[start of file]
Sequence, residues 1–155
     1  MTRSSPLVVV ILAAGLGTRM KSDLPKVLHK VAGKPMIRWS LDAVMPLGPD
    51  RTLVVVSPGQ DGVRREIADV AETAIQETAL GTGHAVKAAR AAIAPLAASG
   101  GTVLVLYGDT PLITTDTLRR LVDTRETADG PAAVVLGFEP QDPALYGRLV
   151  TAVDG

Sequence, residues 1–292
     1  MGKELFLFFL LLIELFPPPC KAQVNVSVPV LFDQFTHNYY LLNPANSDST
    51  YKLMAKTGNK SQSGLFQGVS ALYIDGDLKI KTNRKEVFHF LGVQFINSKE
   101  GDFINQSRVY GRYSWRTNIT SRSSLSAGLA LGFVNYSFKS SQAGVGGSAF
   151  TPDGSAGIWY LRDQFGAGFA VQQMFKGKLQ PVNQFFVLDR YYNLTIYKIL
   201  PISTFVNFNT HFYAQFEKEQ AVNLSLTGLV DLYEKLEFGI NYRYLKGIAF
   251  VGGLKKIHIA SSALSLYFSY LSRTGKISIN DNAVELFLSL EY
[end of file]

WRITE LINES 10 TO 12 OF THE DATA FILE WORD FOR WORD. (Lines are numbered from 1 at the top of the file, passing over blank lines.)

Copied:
   151  TPDGSAGIWY LRDQFGAGFA VQQMFKGKLQ PVNQFFVLDR YYNLTIYKIL
   201  PISTFVNFNT HFYAQFEKEQ AVNLSLTGLV DLYEKLEFGI NYRYLKGIAF
   251  VGGLKKIHIA SSALSLYFSY LSRTGKISIN DNAVELFLSL EY